The stock market’s behaviors are extensive and indifferent and have corrupted its purpose.  What follows if people care is reform or revolt.  Both are opportunities, not obstacles.

The revolutionary opportunity for companies and investors is to see the market just as we presented it here. And there’s reform coming to rules and data.  More on that as 2021 unfolds.

Last year’s market language bred 2021 with generational speculative risk.  That doesn’t mean we’ll be measuring our lives out with coffee spoons (see TS Eliot). We have sure heaped a load on ourselves, though, as a new decade begins.

We’re not worried. We’re watchful. Now, if you’ll excuse me, I’ve got some things to read.

BEST OF MSM – A Movable Feast

Happy Thanksgiving! Here’s a phrase Karen’s grandmother coined that you may find useful this time of year:  “We ate to dullness.” 

Since many of you are appropriately absent this week from the IR chair (or whichever office you occupy), we’ll revisit past turf. Among the most widely read Market Structure Maps of 2013 was this below from July 3. The images from our Provence cycling trip exercised influence, but sort through to the lesson.

I was reminded of it the last few days with three public companies you’d recognize. Each had the same scenario:  Declines in price of magnitude unjustified by news or facts – which had shareholders as flummoxed as the IROs.

What happens between buyers and sellers, before they ever meet each other, can have as consequential an impact as the act of changing ownership. Sometimes more. Witness the so-called Flash Crash of May 6, 2010. Shill bidders disappeared, leaving a vacuum that filled with nothing until a thousand DJIA points evaporated. That’s not selling; that’s the conveyor belt connecting our fragmented market just – poof! – vanishing.

Another major structural fact today is that investors are obsessed with risk. Read on.  Best, -TQ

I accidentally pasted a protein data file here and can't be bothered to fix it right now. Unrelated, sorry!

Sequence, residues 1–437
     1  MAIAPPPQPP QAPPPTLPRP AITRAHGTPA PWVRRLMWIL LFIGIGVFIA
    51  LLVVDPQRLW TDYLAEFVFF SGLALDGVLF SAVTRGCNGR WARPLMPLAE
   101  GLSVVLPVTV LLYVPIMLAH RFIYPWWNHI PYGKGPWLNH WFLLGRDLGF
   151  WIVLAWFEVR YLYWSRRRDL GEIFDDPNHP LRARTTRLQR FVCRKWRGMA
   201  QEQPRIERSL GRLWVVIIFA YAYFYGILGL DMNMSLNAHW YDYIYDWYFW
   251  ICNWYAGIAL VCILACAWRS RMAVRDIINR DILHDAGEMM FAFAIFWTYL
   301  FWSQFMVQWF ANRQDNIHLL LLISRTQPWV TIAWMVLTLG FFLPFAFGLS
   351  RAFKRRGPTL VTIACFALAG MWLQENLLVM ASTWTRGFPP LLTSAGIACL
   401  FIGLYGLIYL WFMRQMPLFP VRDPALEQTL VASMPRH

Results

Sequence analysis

July 3, 2013

We’re back from touring Provence aboard cycling saddles, weighing heavier on the pedals after warmly embracing regional food and drink. Lavender air, stone-walled villages perched over vineyards, crisp mornings and warm days, endless twilight, chilled Viogniers from small-lot Luberon wineries. If these things appeal, go.

In Avignon we feasted at Moutardier in the shadow of the Palais du Papes, the palace of the Roman Catholic popes in the 14th century. From tiny hilltop Oppede-le-Vieux with roots to earliest AD written in moldering stone and worn cobble we surveyed the region’s agricultural riches. After a long climb up, we saw why Gordes is where the rich and famous from Paris and Monte Carlo go to relax. And on Day 5 I scratched off the master life list riding fabled Mont Ventoux, which will host the Tour de France on Bastille Day, July 14. What a trip.

Meanwhile back at the equity-market ranch, things got wobbly. We warned before departing that options-expirations June 19-21 held high risk because markets had consumed arbitrage upside and new swaps rules would make the process of re-risking unusually testy. Markets tumbled.

The Fed? Sure, Ben Bernanke’s comments unnerved markets. But if we could see it in the data before the downdraft occurred, then there’s something else besides the reactions of traders and investors at work. (more…)

Understanding Markets

You’ve heard that bit of cowboy wisdom on how to double your money? Fold it over and put it back in your pocket.

I hear folks wanting cowboy wisdom on market structure. What do I need to grasp? In that sense, this could be the most important Market Structure Map I’ve ever written.

If you’re at home, get a glass of wine. We won’t belabor the story, but it’s not a simple one. In the beginning, in 1792, when 24 brokers clustered under a New York buttonwood tree and agreed to give each other preference and charge a minimum commission, trading securities was simple. That became the New York Stock Exchange. Most trades were for investing, some few for speculating. People have been gambling since the Garden of Eden, obviously.

Step forward. In the 1860s ticker tape by Morse code sped markets up but didn’t change structure. In the 1930s, the Securities Act formed the SEC and imposed a regulatory framework. Structure remained similar, if more process-driven.